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Social Dictatorships: The Political Economy of the Welfare State in the Middle East and North Africa

93.95

Why have social spending levels and social policy trajectories diverged so drastically across labour-abundant Middle Eastern and North African regimes? And how can we explain the marked persistence of spending levels after divergence? Using historical institutionalism and a mix of qualitative and quantitative methods Social Dictatorships: The Political Economy of the Welfare State in the Middle East and North Africa develops an explanation of social spending in authoritarian regimes. It emphasizes the importance of early elite conflict and attempts to form a durable support coalition under the constraints imposed by external threats and scarce resources. ‘Social Dictatorships’ utilizes two in-depth case studies of the political origins of the Tunisian and Egyptian welfare state to provide an empirical overview of how social policies have developed in the region, and to explain the marked differences in social policy trajectories. It follows a multi-level approach tested comparatively at the cross-country level and process-traced at micro-level by these case studies.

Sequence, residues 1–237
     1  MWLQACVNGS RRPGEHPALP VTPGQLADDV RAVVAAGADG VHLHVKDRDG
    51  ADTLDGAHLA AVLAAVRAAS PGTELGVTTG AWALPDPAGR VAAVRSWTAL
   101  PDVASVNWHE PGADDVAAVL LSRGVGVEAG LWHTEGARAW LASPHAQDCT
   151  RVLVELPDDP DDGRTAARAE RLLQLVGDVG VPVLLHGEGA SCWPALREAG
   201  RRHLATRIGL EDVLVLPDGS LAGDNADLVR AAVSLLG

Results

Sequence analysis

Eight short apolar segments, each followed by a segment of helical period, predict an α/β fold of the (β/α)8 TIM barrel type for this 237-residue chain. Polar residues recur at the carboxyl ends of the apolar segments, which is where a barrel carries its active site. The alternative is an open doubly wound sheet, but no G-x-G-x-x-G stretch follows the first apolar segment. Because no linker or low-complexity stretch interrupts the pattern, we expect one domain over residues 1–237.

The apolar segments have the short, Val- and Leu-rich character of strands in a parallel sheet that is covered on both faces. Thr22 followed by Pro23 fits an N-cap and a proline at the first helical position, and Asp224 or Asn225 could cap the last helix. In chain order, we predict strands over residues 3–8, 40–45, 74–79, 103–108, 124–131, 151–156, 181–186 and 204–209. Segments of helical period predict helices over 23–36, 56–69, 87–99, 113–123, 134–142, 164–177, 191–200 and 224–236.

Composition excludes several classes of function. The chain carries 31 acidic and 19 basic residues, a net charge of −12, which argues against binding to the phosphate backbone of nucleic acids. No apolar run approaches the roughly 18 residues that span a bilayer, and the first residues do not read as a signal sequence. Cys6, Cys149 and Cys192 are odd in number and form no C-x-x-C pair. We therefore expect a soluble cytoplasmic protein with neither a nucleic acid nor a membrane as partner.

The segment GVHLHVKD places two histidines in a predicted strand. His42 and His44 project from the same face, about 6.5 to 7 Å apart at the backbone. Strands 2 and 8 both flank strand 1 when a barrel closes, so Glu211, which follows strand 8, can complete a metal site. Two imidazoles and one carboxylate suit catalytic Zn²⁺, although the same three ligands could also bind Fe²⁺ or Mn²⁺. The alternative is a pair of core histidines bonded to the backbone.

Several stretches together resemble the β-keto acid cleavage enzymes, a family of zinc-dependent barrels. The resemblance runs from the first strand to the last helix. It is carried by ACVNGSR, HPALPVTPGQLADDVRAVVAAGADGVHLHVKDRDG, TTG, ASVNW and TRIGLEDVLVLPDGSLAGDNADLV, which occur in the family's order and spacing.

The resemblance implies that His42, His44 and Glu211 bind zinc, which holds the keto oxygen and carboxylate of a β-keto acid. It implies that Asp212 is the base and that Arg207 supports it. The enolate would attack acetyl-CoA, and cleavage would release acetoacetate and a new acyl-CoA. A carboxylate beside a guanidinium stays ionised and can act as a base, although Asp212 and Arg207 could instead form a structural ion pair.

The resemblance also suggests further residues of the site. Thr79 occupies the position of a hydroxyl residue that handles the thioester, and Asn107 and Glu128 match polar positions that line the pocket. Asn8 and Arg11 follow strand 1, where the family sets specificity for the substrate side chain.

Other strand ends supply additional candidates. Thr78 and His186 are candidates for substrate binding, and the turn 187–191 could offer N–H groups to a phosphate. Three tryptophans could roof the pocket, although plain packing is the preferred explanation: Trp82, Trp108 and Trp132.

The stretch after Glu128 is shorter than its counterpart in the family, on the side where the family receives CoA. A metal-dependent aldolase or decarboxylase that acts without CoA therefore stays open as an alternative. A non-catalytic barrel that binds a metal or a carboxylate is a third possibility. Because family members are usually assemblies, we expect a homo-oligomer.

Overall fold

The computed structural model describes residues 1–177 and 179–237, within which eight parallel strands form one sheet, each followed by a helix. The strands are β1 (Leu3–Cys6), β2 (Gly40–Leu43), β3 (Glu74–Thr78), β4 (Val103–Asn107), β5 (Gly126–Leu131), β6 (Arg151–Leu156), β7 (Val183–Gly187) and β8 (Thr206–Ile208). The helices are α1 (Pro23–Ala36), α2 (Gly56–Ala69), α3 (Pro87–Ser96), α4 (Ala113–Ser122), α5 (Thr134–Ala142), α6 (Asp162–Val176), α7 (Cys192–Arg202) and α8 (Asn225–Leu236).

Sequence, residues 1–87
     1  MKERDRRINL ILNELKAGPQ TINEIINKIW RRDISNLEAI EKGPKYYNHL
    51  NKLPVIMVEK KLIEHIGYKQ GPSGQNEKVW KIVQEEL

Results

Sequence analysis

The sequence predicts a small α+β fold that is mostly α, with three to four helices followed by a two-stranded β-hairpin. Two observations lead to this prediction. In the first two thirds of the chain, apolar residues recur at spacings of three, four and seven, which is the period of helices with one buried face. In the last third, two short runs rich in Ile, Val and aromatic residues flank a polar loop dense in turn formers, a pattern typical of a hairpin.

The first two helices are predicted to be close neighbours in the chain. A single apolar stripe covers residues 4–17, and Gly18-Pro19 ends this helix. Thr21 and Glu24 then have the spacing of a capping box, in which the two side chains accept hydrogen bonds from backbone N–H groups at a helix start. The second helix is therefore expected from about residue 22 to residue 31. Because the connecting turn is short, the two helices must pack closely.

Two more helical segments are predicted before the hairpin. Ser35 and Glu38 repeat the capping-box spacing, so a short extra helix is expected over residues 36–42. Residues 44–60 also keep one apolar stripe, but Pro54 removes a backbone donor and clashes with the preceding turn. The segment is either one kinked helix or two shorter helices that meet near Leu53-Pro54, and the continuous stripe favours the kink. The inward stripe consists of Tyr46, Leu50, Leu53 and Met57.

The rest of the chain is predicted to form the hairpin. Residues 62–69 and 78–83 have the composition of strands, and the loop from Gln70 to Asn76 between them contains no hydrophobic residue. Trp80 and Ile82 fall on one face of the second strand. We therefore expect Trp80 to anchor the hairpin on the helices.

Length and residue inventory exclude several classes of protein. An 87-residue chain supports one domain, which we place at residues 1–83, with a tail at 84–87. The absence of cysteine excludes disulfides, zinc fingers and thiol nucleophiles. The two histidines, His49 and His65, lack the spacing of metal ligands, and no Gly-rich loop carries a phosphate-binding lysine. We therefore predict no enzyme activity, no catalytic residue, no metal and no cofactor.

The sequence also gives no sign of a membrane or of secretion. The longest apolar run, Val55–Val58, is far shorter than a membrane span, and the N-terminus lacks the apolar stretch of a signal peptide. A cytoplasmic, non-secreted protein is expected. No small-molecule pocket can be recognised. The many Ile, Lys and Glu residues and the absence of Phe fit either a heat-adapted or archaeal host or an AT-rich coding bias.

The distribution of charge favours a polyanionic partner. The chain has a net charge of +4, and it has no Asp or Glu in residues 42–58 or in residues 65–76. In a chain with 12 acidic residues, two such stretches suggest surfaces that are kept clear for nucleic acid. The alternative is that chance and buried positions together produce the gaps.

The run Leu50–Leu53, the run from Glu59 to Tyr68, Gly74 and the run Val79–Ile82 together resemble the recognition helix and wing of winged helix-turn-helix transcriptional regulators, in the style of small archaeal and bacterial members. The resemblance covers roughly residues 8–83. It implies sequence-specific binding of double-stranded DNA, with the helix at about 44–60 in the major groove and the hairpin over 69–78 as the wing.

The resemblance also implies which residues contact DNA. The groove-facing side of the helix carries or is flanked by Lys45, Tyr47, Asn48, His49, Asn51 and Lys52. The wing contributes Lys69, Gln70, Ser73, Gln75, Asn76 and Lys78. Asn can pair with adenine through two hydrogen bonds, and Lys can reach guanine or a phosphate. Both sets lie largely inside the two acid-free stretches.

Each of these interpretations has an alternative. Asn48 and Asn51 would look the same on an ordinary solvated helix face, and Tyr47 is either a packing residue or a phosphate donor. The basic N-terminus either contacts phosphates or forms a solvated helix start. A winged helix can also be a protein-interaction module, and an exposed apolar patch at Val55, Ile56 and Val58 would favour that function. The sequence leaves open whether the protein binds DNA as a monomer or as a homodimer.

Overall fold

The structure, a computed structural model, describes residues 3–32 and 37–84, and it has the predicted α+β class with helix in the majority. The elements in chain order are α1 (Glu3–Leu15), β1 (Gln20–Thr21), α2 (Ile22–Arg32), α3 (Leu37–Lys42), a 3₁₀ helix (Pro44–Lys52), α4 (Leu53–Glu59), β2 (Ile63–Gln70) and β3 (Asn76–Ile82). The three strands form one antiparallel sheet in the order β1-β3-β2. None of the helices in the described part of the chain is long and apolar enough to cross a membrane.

SKU: 35772
Subtitle:
Author: EIbl, Ferdinand
Year: 2020
ISBN: 9780198834274
Pages: 384
Language: English
Publisher: Oxford University Press
Publisher's city: Oxford
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